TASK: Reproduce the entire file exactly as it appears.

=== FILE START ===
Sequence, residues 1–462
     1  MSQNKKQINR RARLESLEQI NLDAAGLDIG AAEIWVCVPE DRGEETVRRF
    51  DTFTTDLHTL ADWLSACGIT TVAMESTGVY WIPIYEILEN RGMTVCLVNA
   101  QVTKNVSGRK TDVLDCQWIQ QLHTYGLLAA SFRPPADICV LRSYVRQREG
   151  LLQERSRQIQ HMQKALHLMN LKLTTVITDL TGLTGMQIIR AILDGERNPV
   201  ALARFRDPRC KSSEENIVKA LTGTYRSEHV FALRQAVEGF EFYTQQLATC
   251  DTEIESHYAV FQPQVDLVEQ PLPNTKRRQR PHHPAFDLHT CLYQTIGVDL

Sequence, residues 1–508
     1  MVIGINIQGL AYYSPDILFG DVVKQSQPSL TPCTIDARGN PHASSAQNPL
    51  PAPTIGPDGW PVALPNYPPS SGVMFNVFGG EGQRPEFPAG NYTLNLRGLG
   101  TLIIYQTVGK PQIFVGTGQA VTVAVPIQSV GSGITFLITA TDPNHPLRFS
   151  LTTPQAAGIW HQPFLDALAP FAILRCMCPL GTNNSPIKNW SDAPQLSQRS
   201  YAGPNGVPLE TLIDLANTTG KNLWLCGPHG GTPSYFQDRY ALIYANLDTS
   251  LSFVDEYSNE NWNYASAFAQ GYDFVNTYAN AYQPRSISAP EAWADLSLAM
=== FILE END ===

Sequence, residues 1–462
     1  MSQNKKQINR RARLESLEQI NLDAAGLDIG AAEIWVCVPE DRGEETVRRF
    51  DTFTTDLHTL ADWLSACGIT TVAMESTGVY WIPIYEILEN RGMTVCLVNA
   101  QVTKNVSGRK TDVLDCQWIQ QLHTYGLLAA SFRPPADICV LRSYVRQREG
   151  LLQERSRQIQ HMQKALHLMN LKLTTVITDL TGLTGMQIIR AILDGERNPV
   201  ALARFRDPRC KSSEENIVKA LTGTYRSEHV FALRQAVEGF EFYTQQLATC
   251  DTEIESHYAV FQPQVDLVEQ PLPNTKRRQR PHHPAFDLHT CLYQTIGVDL

Sequence, residues 1–508
     1  MVIGINIQGL AYYSPDILFG DVVKQSQPSL TPCTIDARGN PHASSAQNPL
    51  PAPTIGPDGW PVALPNYPPS SGVMFNVFGG EGQRPEFPAG NYTLNLRGLG
   101  TLIIYQTVGK PQIFVGTGQA VTVAVPIQSV GSGITFLITA TDPNHPLRFS
   151  LTTPQAAGIW HQPFLDALAP FAILRCMCPL GTNNSPIKNW SDAPQLSQRS
   201  YAGPNGVPLE TLIDLANTTG KNLWLCGPHG GTPSYFQDRY ALIYANLDTS
   251  LSFVDEYSNE NWNYASAFAQ GYDFVNTYAN AYQPRSISAP EAWADLSLAM